User interface design for keyframe-based content browsing of digital video
Lee, Hyowon (2001) User interface design for keyframe-based content browsing of digital video. PhD thesis, Dublin City University.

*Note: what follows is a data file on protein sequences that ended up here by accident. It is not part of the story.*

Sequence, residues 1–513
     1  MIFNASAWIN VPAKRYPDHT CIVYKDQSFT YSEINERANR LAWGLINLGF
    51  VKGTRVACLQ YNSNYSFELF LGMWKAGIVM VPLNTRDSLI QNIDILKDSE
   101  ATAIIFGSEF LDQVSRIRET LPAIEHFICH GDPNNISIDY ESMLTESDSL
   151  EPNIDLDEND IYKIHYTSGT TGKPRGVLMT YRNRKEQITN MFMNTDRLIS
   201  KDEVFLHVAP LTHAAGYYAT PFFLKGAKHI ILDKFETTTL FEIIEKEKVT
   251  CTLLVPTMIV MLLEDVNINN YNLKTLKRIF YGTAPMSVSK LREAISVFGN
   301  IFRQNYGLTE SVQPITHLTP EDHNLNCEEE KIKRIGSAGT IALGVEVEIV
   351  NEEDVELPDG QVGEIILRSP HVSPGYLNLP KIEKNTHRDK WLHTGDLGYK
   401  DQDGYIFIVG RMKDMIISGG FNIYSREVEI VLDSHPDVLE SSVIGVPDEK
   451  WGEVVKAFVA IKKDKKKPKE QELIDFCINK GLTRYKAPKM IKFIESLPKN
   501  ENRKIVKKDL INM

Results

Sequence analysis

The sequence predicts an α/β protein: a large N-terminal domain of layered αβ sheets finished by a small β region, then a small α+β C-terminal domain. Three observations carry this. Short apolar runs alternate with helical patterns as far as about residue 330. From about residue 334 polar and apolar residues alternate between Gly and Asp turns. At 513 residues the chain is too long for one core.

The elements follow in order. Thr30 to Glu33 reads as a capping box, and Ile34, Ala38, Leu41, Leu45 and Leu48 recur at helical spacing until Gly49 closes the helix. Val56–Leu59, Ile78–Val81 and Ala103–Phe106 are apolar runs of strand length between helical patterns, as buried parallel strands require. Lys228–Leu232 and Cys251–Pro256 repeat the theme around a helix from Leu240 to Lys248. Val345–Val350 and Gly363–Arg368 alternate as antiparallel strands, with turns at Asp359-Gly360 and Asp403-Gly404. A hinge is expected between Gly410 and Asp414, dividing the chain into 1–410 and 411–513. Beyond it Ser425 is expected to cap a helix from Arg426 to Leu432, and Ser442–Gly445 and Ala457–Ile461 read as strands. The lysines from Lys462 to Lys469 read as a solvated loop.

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With the technological advancements in computing and networking today, many interesting and potentially useful applications are being developed and turned into products. Digital video is one of those application areas that is getting more and more attention as the consumer market is likely to be huge, including professional video editing and home entertainment. However, most digital video systems so far have been developed based on technologically based ideas and possibilities, thus providing very little usability and poorly designed user interfaces. Having no long-term user base or usage context make it difficult to develop a new system using a user-oriented methodology where a target usage specification is made and a system developed accordingly. In this research, the design of user interface to a digital video system is studied in depth, particularly focusing on keyframe-based video content browsing interfaces. By analysing and identifying important elements in designing keyframe-based browsing interfaces, we construct a welldefined "design space" where a specific user interface can be designed by simply selecting a set of available options. This analytic approach makes the user interface design, which can be difficult to clarify due to its fuzzy nature, much more systematic and manageable. The usefulness of the constructed design space is demonstrated in the context of diverse devices such as desktop PCs and PDAs (Personal Digital Assistants) sharing the same data, and also diverse characteristics of the users. Specifically, video browsers suitable for a PDA are designed, and also various video browsers supporting different user preferences are designed and implemented using the design space. A qualitative evaluation is conducted on the designed browsing interfaces, to improve their usability and to gain further insights into the design of such browsers and refine the underlying design space.
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